2015-2016 Mini-courses

List of 20 items.

  • Asian Culture

    In this mini course, we are planning to divide it into two parts. The first one is interesting parts of Asian culture (languages, cultures, history), and the second part is food! We want to let more people in Ellis learn about different cultures, and understand the differences and similarities.
    Ada Wang/Yolanda Zheng/Izzie Dai
  • Biking the C&O Canal

    From south of Cumberland MD to Washington D.C, we will ride our bikes on the C&O Canal exploring America's history along the way stopping in places like Harper's Ferry and Antietam. The first week will find us training and researching, while the second week we realize our trip, which will begin Tuesday after Memorial Day and end that Friday night as we climb the steps of the Lincoln Memorial and celebrate our arrival. We will camp and eat a lot of diner food along the way. If you're ready for this adventure, pack up your gear, your camera, and your journal and be ready to go at the end of May!
    This course meets all four blocks.
  • Coloring, Convo and Current Events

    We will jump on the trendy coloring bandwagon and color our hearts out while engaging in provocative discussion about things that matter. Each student to bring their own coloring tools (pencils, crayon, marker, etc.).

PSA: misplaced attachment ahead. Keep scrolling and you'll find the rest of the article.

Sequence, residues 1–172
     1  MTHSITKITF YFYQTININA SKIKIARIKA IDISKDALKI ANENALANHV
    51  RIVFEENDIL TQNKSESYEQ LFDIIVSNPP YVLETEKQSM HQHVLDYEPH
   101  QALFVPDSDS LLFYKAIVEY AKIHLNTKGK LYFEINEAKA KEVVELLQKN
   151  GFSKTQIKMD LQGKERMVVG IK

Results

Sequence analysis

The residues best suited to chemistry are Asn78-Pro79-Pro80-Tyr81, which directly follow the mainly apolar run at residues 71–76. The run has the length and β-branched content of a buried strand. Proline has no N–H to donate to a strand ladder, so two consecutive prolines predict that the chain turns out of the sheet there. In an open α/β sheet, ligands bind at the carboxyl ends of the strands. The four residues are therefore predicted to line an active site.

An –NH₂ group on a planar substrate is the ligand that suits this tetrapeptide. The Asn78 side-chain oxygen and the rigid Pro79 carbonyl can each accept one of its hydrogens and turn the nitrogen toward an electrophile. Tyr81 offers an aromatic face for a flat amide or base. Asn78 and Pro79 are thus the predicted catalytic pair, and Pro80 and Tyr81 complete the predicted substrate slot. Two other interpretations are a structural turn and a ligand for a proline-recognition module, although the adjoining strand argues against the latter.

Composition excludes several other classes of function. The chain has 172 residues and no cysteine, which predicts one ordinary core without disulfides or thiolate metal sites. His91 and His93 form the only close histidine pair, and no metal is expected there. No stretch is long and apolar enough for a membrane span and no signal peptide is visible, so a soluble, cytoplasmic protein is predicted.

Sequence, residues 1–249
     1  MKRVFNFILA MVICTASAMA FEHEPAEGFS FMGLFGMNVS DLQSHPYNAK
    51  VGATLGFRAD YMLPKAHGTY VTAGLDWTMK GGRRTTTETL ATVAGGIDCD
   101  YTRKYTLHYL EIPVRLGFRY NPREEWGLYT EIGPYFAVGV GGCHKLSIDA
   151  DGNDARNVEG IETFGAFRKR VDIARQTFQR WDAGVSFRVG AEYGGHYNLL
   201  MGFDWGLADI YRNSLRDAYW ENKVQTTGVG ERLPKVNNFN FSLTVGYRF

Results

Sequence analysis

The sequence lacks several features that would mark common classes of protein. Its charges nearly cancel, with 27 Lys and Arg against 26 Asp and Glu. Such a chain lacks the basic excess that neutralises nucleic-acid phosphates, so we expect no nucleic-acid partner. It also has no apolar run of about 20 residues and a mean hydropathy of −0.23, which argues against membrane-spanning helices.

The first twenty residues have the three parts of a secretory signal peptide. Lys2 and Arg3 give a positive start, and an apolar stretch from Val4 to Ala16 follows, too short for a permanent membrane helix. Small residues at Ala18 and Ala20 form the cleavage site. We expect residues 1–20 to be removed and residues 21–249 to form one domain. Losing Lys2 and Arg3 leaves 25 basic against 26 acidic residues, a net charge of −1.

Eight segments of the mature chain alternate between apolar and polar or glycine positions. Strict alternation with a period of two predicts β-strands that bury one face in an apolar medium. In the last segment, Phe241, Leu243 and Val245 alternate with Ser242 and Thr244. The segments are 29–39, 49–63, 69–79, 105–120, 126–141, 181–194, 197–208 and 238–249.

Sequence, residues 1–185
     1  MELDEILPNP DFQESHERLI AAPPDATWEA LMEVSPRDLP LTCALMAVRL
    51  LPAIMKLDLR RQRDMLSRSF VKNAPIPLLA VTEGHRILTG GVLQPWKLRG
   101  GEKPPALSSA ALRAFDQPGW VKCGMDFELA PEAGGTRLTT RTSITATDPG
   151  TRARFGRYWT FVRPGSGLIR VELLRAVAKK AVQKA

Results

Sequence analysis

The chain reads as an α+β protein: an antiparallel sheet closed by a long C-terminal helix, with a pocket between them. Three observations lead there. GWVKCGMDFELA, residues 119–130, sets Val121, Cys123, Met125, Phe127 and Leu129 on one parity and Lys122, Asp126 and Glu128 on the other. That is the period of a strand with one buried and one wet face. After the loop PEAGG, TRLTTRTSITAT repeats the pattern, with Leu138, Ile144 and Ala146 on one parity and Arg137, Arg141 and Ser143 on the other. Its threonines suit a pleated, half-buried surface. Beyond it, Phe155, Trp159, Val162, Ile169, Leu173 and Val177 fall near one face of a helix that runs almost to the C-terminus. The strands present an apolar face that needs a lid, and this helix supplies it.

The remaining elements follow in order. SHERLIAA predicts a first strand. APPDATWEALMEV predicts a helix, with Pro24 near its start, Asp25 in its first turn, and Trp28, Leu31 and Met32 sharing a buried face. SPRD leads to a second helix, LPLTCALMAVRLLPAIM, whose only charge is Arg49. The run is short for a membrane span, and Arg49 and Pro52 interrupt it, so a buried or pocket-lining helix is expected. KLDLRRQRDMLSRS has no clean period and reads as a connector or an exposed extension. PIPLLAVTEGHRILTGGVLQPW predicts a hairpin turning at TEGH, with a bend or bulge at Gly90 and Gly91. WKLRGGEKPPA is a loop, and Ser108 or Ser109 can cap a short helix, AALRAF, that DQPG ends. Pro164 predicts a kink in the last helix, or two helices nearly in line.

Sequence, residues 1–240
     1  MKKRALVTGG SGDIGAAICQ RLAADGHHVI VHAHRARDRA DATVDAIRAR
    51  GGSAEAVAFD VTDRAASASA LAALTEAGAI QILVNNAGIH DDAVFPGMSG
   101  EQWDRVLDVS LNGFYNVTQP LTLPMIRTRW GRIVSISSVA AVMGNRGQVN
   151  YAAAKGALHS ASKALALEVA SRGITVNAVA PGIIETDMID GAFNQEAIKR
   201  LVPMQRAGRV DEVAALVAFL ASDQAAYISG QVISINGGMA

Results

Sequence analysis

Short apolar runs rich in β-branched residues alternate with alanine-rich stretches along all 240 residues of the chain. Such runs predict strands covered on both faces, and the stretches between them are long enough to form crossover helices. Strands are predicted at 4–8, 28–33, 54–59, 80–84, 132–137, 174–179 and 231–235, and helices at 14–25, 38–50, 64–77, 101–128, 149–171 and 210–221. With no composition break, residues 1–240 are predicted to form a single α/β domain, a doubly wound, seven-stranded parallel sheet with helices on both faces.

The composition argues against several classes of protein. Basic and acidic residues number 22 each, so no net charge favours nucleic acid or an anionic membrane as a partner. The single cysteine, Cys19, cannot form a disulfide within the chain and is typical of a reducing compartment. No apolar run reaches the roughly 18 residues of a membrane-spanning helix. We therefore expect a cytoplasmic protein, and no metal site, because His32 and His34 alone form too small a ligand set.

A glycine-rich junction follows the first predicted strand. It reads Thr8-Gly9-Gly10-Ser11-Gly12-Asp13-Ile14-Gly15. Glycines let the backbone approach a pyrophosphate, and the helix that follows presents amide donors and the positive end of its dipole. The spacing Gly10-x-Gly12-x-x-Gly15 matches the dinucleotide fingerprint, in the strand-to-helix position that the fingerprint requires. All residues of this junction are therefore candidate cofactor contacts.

• Cooking

    Students will learn about how to shop for food and prepare various dishes.
  • Creative Writing: Fiction

    In this course, students will read a variety of short stories by writers like Raymond Carver, Danielle Evans, Karen Russell, Zadie Smith, George Saunders, and David Foster Wallace. Throughout the course, students will work on a short story or series of short stories. Following the workshop model, we will share our work with one another and offer supportive and constructive feedback. All levels of experience are welcome.
  • Creative Writing: Poetry

    In this creative writing workshop, we will explore a variety of poetic forms and styles, including the sonnet, villanelle, ekphrastic poetry, and ars poetica. Following the workshop model, we will share our work with one another and offer supportive and constructive feedback. All levels of experience are welcome.
  • Dead Poet's Society and American Poetry

    Students will explore the landscape of American poetry through the film, Dead Poet's Society. During this Mini Course, we will view